Mercury is composed of three main layers:

  1. the network abstraction layer, which provides a high-performance communication interface on top of lower level network fabrics.
  2. the RPC layer, which provides users with the necessary components for sending and receiving RPC metadata (small messages). This includes serialization and deserialization of function arguments;
  3. the bulk layer, which provides the necessary components for handling large arguments---this implies large data transfers through RMA;
  4. the (optional) high-level RPC layer, which aims at providing a convenience API, builds on top of the lower layers and provides macros for generating RPC stubs as well as serialization and deserialization functions.

These three main layers can be summarized in the following diagram:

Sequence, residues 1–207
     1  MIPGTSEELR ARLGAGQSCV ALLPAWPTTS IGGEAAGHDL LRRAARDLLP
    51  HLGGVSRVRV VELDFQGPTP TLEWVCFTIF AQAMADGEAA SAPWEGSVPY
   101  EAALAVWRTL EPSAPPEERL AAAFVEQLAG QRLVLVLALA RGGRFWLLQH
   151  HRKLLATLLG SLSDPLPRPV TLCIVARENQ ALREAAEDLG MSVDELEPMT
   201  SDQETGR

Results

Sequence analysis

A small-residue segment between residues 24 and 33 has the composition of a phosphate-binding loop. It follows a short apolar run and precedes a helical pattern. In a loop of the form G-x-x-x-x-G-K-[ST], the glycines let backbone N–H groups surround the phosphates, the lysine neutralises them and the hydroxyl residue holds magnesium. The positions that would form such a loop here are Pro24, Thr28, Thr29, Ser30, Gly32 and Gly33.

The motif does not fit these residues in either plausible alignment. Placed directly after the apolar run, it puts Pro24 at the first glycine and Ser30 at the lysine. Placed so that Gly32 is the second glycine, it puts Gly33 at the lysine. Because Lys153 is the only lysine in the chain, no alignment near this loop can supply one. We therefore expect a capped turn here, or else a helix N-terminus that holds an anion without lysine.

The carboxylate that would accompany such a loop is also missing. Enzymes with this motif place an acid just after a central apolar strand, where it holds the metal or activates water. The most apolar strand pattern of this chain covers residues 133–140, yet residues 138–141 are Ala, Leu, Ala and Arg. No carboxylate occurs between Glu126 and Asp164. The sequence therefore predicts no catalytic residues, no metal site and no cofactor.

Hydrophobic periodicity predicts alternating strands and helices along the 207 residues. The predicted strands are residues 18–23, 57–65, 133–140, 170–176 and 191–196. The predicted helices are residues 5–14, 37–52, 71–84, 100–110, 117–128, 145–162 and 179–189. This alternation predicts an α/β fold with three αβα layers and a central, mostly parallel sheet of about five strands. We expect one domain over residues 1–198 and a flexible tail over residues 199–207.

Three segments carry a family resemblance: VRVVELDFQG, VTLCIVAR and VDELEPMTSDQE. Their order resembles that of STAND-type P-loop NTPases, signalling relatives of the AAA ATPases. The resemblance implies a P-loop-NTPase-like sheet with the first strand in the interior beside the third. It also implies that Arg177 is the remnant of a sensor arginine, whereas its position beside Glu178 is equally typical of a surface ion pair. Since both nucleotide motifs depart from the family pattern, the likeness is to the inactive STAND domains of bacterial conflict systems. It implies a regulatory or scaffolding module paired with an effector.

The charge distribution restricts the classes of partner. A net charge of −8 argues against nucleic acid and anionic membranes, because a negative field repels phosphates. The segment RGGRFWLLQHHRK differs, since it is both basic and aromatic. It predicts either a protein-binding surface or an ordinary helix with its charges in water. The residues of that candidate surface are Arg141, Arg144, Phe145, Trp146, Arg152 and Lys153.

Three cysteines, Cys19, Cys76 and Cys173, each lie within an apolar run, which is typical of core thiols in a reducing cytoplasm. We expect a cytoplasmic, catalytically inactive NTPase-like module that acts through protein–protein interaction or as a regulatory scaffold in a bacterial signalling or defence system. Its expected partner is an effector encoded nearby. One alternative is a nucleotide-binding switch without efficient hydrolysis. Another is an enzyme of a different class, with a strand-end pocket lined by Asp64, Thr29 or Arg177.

By definition, an RPC call is initiated by one process, referred to as origin, and forwarded to another process, which will execute the call, and referred to as target. Each side, origin and target, uses an RPC processor to serialize and deserialize parameters sent through the interface. Calling functions with relatively small arguments results in using a short messaging mechanism exposed by the network abstraction layer, whereas functions containing large data arguments additionally use a remote memory access (RMA) mechanism. Note that when the bulk data is small enough, Mercury will automatically embed it along with the metadata if it can fit.

Last update: December 6, 2021